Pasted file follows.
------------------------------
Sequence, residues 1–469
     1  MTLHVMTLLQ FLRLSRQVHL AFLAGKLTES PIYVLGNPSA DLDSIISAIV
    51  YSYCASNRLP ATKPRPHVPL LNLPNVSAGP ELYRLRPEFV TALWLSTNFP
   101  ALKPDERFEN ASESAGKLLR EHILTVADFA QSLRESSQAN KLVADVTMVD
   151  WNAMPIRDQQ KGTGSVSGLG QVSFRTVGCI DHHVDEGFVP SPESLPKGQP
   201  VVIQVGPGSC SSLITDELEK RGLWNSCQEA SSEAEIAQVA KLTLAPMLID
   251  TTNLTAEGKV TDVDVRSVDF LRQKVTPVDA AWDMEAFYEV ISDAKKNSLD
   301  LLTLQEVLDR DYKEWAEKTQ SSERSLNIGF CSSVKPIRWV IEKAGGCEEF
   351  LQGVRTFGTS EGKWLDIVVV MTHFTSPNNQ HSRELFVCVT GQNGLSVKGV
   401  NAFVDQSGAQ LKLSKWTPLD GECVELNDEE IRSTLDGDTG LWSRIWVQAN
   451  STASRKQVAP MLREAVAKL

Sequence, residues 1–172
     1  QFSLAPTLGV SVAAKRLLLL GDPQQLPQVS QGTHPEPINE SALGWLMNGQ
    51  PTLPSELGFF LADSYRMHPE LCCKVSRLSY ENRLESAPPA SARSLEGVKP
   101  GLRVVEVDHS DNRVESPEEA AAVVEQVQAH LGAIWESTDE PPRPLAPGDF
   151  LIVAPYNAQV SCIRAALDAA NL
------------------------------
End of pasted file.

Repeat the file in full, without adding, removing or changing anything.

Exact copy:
Sequence, residues 1–469
     1  MTLHVMTLLQ FLRLSRQVHL AFLAGKLTES PIYVLGNPSA DLDSIISAIV
    51  YSYCASNRLP ATKPRPHVPL LNLPNVSAGP ELYRLRPEFV TALWLSTNFP
   101  ALKPDERFEN ASESAGKLLR EHILTVADFA QSLRESSQAN KLVADVTMVD
   151  WNAMPIRDQQ KGTGSVSGLG QVSFRTVGCI DHHVDEGFVP SPESLPKGQP
   201  VVIQVGPGSC SSLITDELEK RGLWNSCQEA SSEAEIAQVA KLTLAPMLID
   251  TTNLTAEGKV TDVDVRSVDF LRQKVTPVDA AWDMEAFYEV ISDAKKNSLD
   301  LLTLQEVLDR DYKEWAEKTQ SSERSLNIGF CSSVKPIRWV IEKAGGCEEF
   351  LQGVRTFGTS EGKWLDIVVV MTHFTSPNNQ HSRELFVCVT GQNGLSVKGV
   401  NAFVDQSGAQ LKLSKWTPLD GECVELNDEE IRSTLDGDTG LWSRIWVQAN
   451  STASRKQVAP MLREAVAKL

Sequence, residues 1–172
     1  QFSLAPTLGV SVAAKRLLLL GDPQQLPQVS QGTHPEPINE SALGWLMNGQ
    51  PTLPSELGFF LADSYRMHPE LCCKVSRLSY ENRLESAPPA SARSLEGVKP
   101  GLRVVEVDHS DNRVESPEEA AAVVEQVQAH LGAIWESTDE PPRPLAPGDF
   151  LIVAPYNAQV SCIRAALDAA NL